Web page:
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Cubs historical sleuthing: Early 1940s edition

There’s tremendous detail in this eight-decade-old film.

Flagstaff Films

Our friends at Flagstaff Films have unearthed another great old Cubs film. Here it is:

It didn’t take too long to sleuth the year. First, the Chinese elms are still standing on the steps leading up to the scoreboard, so this has to be among the first few years of the bleachers that date to 1937. Second, there’s no clock on top of the scoreboard. That was added mid-season 1941.

With the marquee showing that the visiting team was the Cardinals on August 12 and 13, that narrows it down to 1938, 1939 or 1940.

That made it easy. The only year among those three that the Cardinals were at Wrigley on those dates was 1940. The uniform style also matches 1940.

This game happened Tuesday, August 13, 1940. (The August 12 game was rained out and made up as part of a doubleheader in September.) The Cubs entered that game at .500, 54-54, and lost 5-1 to the Cardinals. Hank Leiber hit a home run in the fifth inning for the Cubs’ only run of the game. The attendance was 7,367 and the game was played in a snappy one hour, 38 minutes — with no pitch clock!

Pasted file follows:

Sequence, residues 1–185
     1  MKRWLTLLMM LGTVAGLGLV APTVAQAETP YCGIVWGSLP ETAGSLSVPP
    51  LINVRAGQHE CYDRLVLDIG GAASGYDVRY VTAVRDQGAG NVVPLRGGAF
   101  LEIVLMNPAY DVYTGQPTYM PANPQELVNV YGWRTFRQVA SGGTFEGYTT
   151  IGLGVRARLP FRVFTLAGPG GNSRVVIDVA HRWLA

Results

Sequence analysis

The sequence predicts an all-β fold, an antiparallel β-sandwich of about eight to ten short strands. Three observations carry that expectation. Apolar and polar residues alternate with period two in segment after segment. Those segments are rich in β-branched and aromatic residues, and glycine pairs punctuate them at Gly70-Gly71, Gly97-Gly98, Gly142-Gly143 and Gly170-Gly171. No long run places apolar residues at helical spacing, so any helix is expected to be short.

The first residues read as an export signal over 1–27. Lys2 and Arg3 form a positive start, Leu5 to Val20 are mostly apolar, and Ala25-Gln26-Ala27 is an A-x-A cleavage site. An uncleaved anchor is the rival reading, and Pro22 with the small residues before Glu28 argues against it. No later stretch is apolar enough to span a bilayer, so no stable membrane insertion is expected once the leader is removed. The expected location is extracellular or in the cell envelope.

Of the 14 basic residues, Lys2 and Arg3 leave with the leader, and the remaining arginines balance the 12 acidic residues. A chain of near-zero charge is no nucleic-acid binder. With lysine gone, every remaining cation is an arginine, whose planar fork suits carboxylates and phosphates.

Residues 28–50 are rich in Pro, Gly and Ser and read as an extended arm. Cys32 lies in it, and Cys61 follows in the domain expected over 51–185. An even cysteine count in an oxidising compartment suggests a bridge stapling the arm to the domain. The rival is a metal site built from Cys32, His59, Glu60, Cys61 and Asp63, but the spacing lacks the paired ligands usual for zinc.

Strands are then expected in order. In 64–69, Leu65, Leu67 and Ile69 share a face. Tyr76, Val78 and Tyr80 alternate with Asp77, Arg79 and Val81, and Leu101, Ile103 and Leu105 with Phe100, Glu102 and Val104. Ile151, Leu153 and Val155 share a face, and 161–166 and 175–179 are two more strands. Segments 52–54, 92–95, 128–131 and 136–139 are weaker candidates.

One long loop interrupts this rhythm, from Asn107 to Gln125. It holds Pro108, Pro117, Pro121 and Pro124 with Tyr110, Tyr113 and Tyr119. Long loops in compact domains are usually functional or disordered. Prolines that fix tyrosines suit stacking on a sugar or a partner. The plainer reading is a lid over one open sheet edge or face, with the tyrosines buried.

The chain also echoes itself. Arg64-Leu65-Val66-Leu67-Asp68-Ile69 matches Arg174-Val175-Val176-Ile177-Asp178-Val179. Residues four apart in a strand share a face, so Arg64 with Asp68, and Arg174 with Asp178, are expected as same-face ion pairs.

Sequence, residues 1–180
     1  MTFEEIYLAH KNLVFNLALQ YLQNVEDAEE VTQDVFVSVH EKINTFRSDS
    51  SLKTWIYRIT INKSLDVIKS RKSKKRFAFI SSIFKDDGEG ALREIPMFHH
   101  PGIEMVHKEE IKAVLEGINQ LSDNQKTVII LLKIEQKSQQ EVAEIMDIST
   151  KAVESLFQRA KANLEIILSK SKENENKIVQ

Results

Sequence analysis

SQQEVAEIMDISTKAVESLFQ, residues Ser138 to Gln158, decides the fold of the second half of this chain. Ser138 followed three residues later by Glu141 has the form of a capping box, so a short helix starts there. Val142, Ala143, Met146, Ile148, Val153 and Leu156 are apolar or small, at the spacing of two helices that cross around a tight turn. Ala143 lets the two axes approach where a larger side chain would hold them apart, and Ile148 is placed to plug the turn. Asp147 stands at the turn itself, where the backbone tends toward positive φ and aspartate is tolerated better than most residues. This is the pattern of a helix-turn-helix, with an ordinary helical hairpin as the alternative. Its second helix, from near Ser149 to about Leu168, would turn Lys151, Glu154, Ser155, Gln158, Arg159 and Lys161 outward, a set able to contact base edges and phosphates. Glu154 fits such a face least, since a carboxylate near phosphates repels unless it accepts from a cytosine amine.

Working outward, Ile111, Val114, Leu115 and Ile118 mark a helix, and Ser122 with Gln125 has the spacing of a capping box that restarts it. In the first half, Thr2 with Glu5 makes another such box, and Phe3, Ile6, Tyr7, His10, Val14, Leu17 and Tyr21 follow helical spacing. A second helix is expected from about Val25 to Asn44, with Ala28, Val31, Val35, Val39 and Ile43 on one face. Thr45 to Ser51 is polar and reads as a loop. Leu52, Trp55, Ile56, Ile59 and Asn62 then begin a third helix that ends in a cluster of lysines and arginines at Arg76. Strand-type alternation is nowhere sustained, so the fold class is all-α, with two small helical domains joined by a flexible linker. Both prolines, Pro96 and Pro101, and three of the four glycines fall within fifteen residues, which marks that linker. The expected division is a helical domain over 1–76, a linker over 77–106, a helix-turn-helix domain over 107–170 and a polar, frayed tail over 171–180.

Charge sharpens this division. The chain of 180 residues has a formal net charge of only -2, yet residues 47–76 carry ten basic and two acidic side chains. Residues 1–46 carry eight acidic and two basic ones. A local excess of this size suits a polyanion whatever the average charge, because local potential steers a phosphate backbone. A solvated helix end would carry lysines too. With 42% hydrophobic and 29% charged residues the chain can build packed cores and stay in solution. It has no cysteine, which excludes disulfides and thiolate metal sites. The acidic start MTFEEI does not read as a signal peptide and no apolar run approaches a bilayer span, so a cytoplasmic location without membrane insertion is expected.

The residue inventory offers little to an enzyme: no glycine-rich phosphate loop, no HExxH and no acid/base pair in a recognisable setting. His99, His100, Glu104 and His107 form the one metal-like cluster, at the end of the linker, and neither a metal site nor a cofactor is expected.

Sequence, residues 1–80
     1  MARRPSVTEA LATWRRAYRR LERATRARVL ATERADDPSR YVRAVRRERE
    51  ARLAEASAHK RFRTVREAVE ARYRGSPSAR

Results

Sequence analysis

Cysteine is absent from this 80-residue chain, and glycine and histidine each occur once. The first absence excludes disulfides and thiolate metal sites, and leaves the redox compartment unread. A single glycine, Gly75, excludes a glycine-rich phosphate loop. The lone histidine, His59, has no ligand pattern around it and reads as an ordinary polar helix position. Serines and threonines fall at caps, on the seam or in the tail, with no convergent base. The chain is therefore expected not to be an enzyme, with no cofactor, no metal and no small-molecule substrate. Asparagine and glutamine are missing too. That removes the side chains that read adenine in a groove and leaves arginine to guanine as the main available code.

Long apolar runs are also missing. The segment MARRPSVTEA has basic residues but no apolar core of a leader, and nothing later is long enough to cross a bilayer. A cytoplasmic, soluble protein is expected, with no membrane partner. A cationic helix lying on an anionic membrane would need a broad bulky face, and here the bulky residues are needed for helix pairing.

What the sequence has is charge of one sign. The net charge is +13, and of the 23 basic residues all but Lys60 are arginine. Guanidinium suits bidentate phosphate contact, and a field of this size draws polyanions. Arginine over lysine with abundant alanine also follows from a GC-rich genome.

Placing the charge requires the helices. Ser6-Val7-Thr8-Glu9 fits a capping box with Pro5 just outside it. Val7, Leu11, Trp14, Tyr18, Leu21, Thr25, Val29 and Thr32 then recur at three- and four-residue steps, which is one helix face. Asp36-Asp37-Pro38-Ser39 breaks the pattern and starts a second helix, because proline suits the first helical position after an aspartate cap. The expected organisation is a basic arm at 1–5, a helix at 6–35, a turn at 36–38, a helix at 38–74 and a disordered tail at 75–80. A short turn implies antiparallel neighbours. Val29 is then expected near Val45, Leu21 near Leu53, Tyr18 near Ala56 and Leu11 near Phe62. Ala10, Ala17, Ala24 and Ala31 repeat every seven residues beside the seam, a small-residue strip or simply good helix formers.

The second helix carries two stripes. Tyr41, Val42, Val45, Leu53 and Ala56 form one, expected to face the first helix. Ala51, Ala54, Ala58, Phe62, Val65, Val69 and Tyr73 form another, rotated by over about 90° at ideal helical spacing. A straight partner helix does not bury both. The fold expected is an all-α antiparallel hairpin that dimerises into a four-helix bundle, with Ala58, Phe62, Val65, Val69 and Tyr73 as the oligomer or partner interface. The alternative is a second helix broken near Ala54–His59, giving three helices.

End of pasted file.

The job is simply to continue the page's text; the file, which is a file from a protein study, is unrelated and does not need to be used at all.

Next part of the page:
Here are some of the players seen in the film:

At :37, No. 2 is Gabby Hartnett, still an active player but also the manager. Though he took BP, he didn’t play in the game.

At :46, No. 4 is future Hall of Famer Billy Herman.

At 1:04, walking toward the camera is No. 24, Jim Gleeson.

At 1:14, No. 9 is Leiber, who would homer in the game.

At 1:18, No. 18 is Zeke Bonura, who had been a power hitter for the White Sox earlier in the decade.

At 1:44, No. 31 is Dom Dallessandro.

At 1:49, some Cardinals players are visible including Bill DeLancey (15), Johnny Hopp (12) and Eddie Lake (1).

At 1:57, No. 41 is Vance Page.

At 2:06, No. 12 is Rip Russell.

I asked Mike Bojanowski to have a look at this video and see if he could identify some of the players where you don’t see uniform numbers. Here’s what he found:

He couldn’t ID the player next to Ken Raffensberger. Can you?

This is another great little slice of life from Cubs history, more than 83 years ago.